Asher is represented as the younger brother of Gad; these two being the sons of Zilpah, the handmaid of Leah (Gen. xxx. 10 et seq., xxxv. 26). The Biblical account shows Zilpah's status as a handmaid change to an actual wife of Jacob Genesis 30:9,13. Her handmaid status is regarded by some biblical scholars as indicating that the authors saw the tribe of Asher as being not of entirely Israelite origin;[3] scholars believe that Asher consisted of certain clans affiliated with portions of the Israelite tribal confederation, but which were never incorporated into the body politic.[3]

The Torah states that Asher had four sons and one daughter, who were born in Canaan and migrated with him to Egypt,[5] with their descendants remaining there until the Exodus;[6] this seems to be partly contradicted by Egyptian records (assuming a late Exodus date), according to which a group named Aseru, a name from which Asher is probably derived,[3] were, in the 14th century BC, living in a similar region to Asher's traditional territory, in Canaan.[3] Asher's daughter, Serah (also transliterated as Serach), is the only granddaughter of Jacob mentioned in the Torah (Gen. 46:17). Her mother is not named; according to classical rabbinical literature, Serach's mother was named Hadurah, and was a descendant of Eber, but although Hadurah was a wife of Asher, it was her second marriage, and Serach's father was actually Hadurah's first husband, who had died.[7] In classical rabbinical literature, Hadurah's marriage to Asher was his second marriage as well, his first having been to Adon, who was a descendant of Ishmael;[3] the Book of Jubilees contradicts this, arguing instead that Asher's wife was named Lyon (which probably means dove).[3]

Asher's sons were: Jimnah, Ishuah, Isui, and Beriah.

In rabbinical literature

According to classical rabbinical literature, Asher had informed his brothers about Reuben's incest with Bilhah, and as a result Asher came to be on bad terms with his brothers, though once Reuben confessed, the brothers realised they had been unjust towards Asher;[3] Asher's motivation is described, by classical rabbinical sources, as being entirely innocent of evil intent, and always in search of harmony between his brothers.[3] He was the very one whose endeavor it had always been to reconcile the brothers, especially when they disputed as to who among them was destined to be the ancestor of the priests (Sifre, Deut. 355). In the Test. Patr., Asher, 5, Asher is regarded as the example of a virtuous man who with singlemindedness strives only for the general good.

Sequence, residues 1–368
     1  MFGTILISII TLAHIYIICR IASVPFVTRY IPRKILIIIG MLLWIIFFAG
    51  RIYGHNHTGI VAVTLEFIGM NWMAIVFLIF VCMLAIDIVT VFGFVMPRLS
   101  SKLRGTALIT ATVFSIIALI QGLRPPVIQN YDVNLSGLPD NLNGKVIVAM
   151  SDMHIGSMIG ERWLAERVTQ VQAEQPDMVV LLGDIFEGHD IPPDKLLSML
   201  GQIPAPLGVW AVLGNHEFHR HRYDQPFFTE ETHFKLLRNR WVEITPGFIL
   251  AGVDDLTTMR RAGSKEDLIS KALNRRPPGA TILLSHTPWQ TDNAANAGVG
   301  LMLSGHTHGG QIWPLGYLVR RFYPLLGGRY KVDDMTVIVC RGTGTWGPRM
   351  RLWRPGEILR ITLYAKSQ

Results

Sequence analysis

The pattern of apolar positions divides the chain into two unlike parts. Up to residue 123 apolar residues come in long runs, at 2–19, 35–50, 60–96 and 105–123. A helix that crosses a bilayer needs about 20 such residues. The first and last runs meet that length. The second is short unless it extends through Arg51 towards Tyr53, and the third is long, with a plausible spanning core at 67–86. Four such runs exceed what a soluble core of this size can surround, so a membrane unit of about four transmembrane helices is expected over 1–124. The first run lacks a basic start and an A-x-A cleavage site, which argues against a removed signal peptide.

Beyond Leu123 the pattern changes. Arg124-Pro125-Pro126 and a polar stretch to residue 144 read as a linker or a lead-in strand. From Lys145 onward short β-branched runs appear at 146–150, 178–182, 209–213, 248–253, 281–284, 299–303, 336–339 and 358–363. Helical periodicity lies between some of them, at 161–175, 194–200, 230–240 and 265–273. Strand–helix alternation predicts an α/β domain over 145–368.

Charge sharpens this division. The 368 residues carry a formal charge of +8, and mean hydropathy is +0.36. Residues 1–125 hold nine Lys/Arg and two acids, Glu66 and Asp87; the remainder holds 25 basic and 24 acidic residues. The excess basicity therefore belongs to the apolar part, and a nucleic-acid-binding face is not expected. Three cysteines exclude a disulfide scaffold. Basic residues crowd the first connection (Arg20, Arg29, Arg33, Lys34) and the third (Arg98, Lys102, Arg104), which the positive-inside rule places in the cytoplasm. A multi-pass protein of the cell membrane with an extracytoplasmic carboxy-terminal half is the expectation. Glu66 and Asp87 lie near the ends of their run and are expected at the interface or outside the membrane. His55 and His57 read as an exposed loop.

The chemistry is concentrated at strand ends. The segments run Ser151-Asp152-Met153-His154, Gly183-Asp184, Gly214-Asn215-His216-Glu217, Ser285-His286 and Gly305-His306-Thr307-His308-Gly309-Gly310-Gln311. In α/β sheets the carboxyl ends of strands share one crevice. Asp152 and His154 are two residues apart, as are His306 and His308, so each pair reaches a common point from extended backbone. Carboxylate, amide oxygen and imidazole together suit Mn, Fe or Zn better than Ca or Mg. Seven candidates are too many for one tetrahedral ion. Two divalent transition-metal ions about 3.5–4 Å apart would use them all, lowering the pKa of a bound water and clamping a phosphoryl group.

Asher was born on the 20th of Shevat 2199 (1562 BCE). According to some accounts 20th of Shevat is also the date of his passing.

Asher married twice. His first wife was 'Adon, a great-granddaughter of Ishmael; his second, Hadurah, a granddaughter of Eber and a widow. By her first marriage Hadurah had a daughter Serah, whom Asher treated as affectionately as if she had been of his own flesh and blood, so that the Bible itself speaks of Serah as Asher's daughter ("Sefer ha-Yashar, Wayesheb"). According to the Book of Jubilees (xxxiv. 20), Asher's wife was named "Iyon" (probably , "dove").

Asher's descendants in more than one regard deserved their name ("Asher" meaning "happiness"). The tribe of Asher was the one most blessed with male children (Sifre, l.c.); and its women were so beautiful that priests and princes sought them in marriage (Gen. R. lxxi., end). The abundance of oil in the land possessed by Asher so enriched the tribe that none of them needed to hire a habitation (Gen. R. l.c.); and the soil was so fertile that in times of scarcity, and especially in the Sabbatical year, Asher provided all Israel with olive-oil (Sifre, l.c.; Men. 85b; Targ. Yer. on Deut. xxxiii. 24). The Asherites were also renowned for wisdom (Men. l.c.).J. Sr. L. G.

Scholarly interpretations

A number of scholars have proposed that the tribe of Asher actually originated as the Weshesh group of Sea Peoples[8][9] - the name Weshesh (or rather Uashesh/Ueshesh - for easy pronunciation, this is usually transcribed into English as Weshesh) can be decomposed as men of Uash in Hebrew, and hence possibly a corruption of Asher.[10]

Notes
1. Richard Elliott Friedman, Who wrote the Bible?
2. Metzeger, Bruce M. (ed); , Michael D. Coogan (ed) (1993). The Oxford Companion to the Bible. Oxford, UK: Oxford University Press. pp. 62. ISBN 0-19-504645-5.
3. Jewish Encyclopedia
4. Peake's commentary on the Bible
5. Genesis 46:17
6. Book of Exodus
7. Sefer ha Yashar
8. Yigael Yadin And Dan, Why Did He Remain in Ships
9. N. K. Sandars, The Sea Peoples. Warriors of the ancient Mediterranean, 1250-1150 BC. Thames & Hudson,1978
10. Sandars, The Sea Peoples.

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Asher
 
215 Age at death was 75 Christopher (Erskine) Asken
 
216 died 145 BC Alexander VII of Athamani
 
217 died 189 BC Amynandros of Athamani
 
218 (contemporary of Deucalion)
 
Cranaus King of Athens
 
219 Audrey Maxine Ellis' 6th Cousin 3 x Removed Charles Homer Atkinson
 
220 Audrey Maxine Ellis' 6th Cousin 3 x Removed Frank Atkinson
 
221 Audrey Maxine Ellis' 6th Cousin 3 x Removed George Emerson Atkinson
 
222 Audrey Maxine Ellis' 6th Cousin 3 x Removed Nelly Atkinson
 
223 Audrey Maxine Ellis' 6th Cousin 3 x Removed William "Willie" Enoch Atkinson
 
224 born about 60 BC died about 20BC Artavasdes I King of Atropatene
 
225 Audrey Maxine Ellis' 35th Great Grandfather Lienfni Attipsson